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SWEEP Report #73

Evaluation of Conservation Systems: Hydrology
(PWS Report #5)


R. R. Walker and R. W. Tossell, Beak Consultants Ltd, Guelph, Ont.

View / Download Final Report  [2525 KB pdf]  (265 p, with appendices)



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Completed: May, 1994

Executive Summary


The purpose of the hydrology component of PWS was to monitor runoff and stream flow to determine if the implementation of conservation farm systems had an affect on the overall basin hydrology. The specific objectives relating to the hydrology component of the PWS are:

  • through environmental monitoring, establish continuous records of watershed water balance in order to investigate hydrologic process;

  • determine the flow component of runoff necessary for estimating mass flux of water quality parameters; and

  • investigate the relationships between soil conservation systems and hydrologic response at the plot, field and watershed scales.


Water Quantity Monitoring

Watershed Scale

Watersheds and microbasins were instrumented with flow monitoring and water quality sampling devices to facilitate the accurate estimation of mass loadings of water quality parameters. In-stream water control devices (v-notch and rectangular weirs) were installed to better define low flow estimates. Water quality shelters were installed at each watershed outlet (two per study area, six in total) to house automated water level monitoring, meteorological, and water quality sampling equipment. Continuous water level data was used in conjunction with flow velocity determination to derive flow-discharge curves for each watershed outlet. The resultant continuous flow record was ultimately used for calculating relationships between flow and water quality concentrations for water quality loading determination.

Microbasin Scale

A total of twelve microbasins (four per study area) were instrumented with automated water level monitoring equipment and manual water quality sampling which were operated during non-winter months. Hydrologic control structures (v-notch weirs and Parshall flume) were installed at each microbasin along with a stilling well for water level-flow estimation purposes.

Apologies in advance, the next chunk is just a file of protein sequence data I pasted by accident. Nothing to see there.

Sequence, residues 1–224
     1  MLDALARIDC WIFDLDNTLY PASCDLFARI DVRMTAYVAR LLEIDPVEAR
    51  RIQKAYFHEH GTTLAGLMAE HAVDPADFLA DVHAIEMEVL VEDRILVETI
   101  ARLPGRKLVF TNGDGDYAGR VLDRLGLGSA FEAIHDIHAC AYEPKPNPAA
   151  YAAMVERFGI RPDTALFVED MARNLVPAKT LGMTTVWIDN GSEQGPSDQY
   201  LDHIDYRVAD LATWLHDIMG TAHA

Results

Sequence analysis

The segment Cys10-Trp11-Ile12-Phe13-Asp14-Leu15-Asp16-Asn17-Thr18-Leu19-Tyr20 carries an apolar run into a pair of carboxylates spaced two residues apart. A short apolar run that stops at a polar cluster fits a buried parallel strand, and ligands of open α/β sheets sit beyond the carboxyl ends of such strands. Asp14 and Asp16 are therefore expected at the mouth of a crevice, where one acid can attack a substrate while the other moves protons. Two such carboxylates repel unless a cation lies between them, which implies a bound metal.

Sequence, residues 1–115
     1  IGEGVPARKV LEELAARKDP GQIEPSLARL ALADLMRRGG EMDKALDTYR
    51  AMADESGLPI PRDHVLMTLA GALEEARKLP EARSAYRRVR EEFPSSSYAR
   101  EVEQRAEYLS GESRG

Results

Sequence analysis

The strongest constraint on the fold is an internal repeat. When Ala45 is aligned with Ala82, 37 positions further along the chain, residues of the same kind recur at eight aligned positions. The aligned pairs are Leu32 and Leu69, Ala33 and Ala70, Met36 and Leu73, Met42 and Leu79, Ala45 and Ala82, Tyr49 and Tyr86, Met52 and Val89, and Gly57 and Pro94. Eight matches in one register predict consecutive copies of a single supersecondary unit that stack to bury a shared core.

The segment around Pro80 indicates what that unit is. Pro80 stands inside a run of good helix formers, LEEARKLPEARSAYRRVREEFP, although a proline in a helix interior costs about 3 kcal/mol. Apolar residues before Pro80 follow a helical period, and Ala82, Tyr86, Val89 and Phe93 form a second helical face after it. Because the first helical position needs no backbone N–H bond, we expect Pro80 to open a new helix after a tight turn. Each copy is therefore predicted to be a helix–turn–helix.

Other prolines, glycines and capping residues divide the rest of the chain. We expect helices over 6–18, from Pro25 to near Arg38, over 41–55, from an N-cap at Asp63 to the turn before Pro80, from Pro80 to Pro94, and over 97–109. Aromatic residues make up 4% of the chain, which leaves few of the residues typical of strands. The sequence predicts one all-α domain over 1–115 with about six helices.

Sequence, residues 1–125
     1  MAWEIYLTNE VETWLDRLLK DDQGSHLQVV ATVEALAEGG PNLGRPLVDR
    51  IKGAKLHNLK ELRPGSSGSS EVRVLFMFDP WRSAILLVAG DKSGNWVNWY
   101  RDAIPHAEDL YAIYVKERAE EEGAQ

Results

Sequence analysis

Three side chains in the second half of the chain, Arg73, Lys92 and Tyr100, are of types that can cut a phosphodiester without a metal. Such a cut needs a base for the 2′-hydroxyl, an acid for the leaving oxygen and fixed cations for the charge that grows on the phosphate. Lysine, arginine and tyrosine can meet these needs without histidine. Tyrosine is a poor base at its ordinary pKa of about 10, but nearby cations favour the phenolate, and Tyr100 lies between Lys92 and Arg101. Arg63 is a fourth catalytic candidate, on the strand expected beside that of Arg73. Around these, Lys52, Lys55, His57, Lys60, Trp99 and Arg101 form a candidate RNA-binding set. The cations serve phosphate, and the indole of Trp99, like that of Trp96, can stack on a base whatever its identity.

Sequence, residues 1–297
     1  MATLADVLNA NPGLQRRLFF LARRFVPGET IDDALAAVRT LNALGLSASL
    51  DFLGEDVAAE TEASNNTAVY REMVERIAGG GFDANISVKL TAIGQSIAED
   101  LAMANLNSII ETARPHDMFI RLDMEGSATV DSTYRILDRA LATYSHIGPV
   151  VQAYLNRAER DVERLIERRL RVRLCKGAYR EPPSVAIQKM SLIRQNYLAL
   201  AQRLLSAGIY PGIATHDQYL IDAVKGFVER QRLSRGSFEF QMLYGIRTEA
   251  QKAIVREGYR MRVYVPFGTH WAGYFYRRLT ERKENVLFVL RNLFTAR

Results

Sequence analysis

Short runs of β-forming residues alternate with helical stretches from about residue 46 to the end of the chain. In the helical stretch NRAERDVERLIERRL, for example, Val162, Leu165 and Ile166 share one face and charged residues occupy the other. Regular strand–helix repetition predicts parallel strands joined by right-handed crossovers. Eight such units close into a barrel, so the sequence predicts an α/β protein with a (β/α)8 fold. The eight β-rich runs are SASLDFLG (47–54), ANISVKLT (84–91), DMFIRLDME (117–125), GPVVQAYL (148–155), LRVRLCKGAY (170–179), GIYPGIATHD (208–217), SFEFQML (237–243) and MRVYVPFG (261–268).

Plot Scale

Rainfall simulation techniques were employed to evaluate water quality at the plot scale at critical times of the year when soil conditions may vary due to farm management or seasonal influences (ie. post-fall tillage 1990-91; spring pre-plant 1991-92; and post harvest 1991). Water quality samples were collected in triplicate from three field plots at benchmark sites in both the test and control watersheds to determine water quality loads.

Groundwater Monitoring

One pathway for phosphorus loss is through subsurface soils and groundwater transport. To define the magnitude of this pathway, groundwater monitoring wells were installed in each watershed to determine the amount of phosphorus was transported through the subsurface in the soluble phase. One groundwater monitoring well was installed near each microbasin of each study area. Groundwater samples were collected approximately monthly through the monitoring phase of the study.


Results and Discussion

Watershed Scale

  • Essex control unit area runoff slightly exceeded test runoff over the period of study.

  • Kettle Creek test unit area runoff exceeded control runoff during the wettest seasons.